London. Some call it the most expensive city in the world; others call it the land of deflated dreams and broken spirits. Some call it the hub of everything and anything exciting; a melting pot; a chaotic maze of concrete and traffic lights home to saints, sinners, and everything in between. Still others claim it to be a washed up reflection of the regal imperial metropole it once was.

I am fortunate enough to call it my home away from home.

While one can fit any of these descriptions and many more to London’s multitude of districts, the overriding nature of this great city is its undeniable vitality. Home to people from every corner of the earth, London is thriving, having retained over the years its mantle as one of the cultural and artistic centers of the world. Staking claim to some of the planet’s most renowned musicians and artists, the colossal organism that is the London music scene deserves many of its near mythical attributes. From the Sex Pistols to Jamie xx, The Rolling Stones to Radiohead, and The Beatles to Ben Howard, reminders of an earlier gilded era glimmer on through every gramophone, Walkman, radio, and mp3player the world over.

While some such as sir Paul McCartney still soldier on for the memory of British rock and roll, the scene has shifted of late, entering a very visible electronic era. Serving as a sort of junction on the continent, London is a middle ground where British artists as well as those from other European centers such as Berlin, Stockholm, and Amsterdam entrance international enthusiasts and club regulars.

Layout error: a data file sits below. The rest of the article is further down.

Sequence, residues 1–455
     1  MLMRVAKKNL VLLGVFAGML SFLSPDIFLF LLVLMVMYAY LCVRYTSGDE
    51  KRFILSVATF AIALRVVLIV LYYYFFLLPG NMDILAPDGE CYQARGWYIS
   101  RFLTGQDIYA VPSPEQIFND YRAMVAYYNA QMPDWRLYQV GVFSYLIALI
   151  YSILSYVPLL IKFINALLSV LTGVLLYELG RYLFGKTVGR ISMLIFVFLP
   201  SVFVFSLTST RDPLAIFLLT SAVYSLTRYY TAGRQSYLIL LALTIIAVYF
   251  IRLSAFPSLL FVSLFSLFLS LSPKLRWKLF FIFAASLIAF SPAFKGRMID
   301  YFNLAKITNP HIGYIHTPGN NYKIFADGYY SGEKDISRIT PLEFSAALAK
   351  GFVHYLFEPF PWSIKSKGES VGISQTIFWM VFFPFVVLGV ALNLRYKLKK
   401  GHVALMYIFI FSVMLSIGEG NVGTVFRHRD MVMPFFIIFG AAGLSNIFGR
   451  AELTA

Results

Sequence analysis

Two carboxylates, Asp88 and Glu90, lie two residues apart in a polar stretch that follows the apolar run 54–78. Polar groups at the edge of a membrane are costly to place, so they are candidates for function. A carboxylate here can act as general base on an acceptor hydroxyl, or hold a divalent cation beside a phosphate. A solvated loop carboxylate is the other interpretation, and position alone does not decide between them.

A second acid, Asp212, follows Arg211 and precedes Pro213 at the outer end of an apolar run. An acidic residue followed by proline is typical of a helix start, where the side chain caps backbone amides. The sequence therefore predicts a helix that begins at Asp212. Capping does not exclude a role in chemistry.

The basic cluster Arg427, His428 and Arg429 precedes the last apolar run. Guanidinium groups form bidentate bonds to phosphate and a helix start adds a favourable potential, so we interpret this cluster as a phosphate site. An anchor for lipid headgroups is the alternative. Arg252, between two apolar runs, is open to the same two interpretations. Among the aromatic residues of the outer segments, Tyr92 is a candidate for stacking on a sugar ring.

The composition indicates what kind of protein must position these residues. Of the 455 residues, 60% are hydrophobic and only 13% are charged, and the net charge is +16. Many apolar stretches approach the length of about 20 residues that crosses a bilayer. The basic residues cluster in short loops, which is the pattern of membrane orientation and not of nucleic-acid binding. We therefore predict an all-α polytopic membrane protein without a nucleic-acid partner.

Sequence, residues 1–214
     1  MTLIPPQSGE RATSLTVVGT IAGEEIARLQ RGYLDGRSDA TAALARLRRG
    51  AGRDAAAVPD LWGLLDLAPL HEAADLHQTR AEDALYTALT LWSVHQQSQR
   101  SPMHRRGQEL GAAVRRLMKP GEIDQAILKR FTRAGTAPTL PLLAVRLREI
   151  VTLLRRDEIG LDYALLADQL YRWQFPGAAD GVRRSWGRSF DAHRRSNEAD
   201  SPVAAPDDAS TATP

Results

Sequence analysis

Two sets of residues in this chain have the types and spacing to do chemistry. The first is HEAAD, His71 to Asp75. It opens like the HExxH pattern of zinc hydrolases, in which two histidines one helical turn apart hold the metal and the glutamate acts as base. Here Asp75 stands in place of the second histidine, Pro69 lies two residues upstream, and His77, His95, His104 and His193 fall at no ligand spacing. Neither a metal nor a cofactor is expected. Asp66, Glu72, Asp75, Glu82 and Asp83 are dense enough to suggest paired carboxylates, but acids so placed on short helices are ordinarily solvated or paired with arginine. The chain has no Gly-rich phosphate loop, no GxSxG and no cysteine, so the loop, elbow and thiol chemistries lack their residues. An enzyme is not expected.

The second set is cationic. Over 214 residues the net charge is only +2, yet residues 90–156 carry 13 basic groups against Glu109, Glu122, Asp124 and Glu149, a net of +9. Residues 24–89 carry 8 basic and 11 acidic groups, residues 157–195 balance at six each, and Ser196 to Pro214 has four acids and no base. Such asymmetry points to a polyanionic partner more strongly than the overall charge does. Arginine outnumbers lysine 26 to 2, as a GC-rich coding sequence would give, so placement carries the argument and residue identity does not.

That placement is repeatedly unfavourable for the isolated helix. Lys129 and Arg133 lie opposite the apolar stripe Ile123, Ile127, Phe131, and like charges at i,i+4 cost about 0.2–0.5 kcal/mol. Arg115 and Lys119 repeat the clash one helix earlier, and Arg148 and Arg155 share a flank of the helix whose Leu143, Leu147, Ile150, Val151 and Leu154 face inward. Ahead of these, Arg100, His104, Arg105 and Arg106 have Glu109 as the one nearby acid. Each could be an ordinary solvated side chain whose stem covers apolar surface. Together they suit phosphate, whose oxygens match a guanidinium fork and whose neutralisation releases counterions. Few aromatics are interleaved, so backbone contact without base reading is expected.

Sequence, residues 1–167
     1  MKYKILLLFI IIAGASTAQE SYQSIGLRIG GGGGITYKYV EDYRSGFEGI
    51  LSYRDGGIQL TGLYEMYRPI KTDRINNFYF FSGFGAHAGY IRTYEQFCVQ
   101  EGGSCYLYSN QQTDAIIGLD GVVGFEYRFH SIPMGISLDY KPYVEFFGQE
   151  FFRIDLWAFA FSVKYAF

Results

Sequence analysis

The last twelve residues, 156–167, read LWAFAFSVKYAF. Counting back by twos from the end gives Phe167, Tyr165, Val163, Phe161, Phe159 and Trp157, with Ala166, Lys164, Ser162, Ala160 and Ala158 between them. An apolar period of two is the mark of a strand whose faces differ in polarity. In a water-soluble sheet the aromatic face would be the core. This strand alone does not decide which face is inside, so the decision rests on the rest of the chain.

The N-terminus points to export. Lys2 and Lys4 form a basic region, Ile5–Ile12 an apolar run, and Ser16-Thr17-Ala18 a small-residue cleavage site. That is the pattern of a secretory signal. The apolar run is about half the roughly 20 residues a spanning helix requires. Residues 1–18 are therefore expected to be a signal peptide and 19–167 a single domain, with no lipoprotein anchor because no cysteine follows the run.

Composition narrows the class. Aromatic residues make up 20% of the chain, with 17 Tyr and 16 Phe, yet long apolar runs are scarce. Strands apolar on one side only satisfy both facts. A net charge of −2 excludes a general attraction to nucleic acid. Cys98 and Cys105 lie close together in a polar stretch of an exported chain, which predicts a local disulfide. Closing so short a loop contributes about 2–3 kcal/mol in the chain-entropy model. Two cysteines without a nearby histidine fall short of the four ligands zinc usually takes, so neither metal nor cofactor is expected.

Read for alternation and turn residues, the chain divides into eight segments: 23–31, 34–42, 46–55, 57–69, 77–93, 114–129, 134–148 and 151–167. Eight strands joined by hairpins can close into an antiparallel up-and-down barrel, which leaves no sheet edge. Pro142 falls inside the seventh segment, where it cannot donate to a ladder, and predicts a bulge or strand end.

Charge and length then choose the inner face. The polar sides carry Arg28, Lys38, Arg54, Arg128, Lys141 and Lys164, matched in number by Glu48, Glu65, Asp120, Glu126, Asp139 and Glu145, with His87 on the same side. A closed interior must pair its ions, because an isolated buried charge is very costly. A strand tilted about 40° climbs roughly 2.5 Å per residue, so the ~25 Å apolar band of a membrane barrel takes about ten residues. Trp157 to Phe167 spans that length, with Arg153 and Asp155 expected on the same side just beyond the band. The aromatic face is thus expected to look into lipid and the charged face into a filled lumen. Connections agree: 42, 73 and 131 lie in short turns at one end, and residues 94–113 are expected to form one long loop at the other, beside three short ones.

Within this historic, sprawling city, the cultural differences between neighborhoods reflect stylistic variances in the local music scene. Each neighborhood serves as its own distinct nation in this urban quilt and the spread is quite dramatic (especially when rent and income differentials are thrown into the mix). With the rising gentrification of Shoreditch and Hoxton, many of the lower income groups (including many college students and immigrants) are being pushed out to neighborhoods such as Dalston, Bethnal Green, and Hackney. This results in a very different atmosphere and energy in the eastern segment, which is also the region that gets the most attention and hence, where most of the clubs have concentrated.

This past week, Berlin’s DJ Tennis took over Village Underground in Shoreditch with his deep house and industrial techno tracks characteristic of the infamous Berghain club in Berlin. Candles and cattle bones lined the walls and high brick arches of the abandoned underground warehouse, this incredible interior matching the DJ’s soul-crushing bass and mind-bending melodies. However, the club’s older, professional-looking attendees simply mismatched the evening’s divinely-curated atmosphere; the crowd could be described as disinterested at best.


The next night in Dalston, every pub and club was swarming with bodies. Saturday night in this neighborhood brings out representatives of all walks of life. Having tragically missed a rather early set from Soulection’s MNDDSGN, I ended up across the street at The NEST. Known for hosting rather large artists in what is little more than a narrow basement with a low ceiling showcasing exposed ventilation and wiring, the club was oppressively hot and absolutely crammed. However, The NEST has consistently proven to be a party unparalleled where the music and the energy surpasses most other clubs in the area.

That night, Paris’ Darius came through with one of the most impressive sets I have heard in London. Fusing deep house with banging reworks of Jessie Ware, Jungle, and Flight Facilities, the sweat and dehydration served only to stoke the fire that was spreading across the dance floor. The bartenders worked miracles to get the demanding crowd the sustenance they required and no one was quite ready to go home when we reemerged from the dungeon at 4 a.m.